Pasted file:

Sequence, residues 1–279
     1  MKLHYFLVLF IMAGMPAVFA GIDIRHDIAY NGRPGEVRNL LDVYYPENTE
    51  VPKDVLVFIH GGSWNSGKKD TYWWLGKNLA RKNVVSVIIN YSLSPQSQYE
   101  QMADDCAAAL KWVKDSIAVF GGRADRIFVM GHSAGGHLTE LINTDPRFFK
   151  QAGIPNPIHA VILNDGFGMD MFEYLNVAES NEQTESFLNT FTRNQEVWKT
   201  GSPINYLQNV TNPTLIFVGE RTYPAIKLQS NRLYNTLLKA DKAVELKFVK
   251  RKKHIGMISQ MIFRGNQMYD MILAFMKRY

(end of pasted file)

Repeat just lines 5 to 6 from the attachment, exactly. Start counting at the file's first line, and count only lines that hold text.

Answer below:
   151  QAGIPNPIHA VILNDGFGMD MFEYLNVAES NEQTESFLNT FTRNQEVWKT
   201  GSPINYLQNV TNPTLIFVGE RTYPAIKLQS NRLYNTLLKA DKAVELKFVK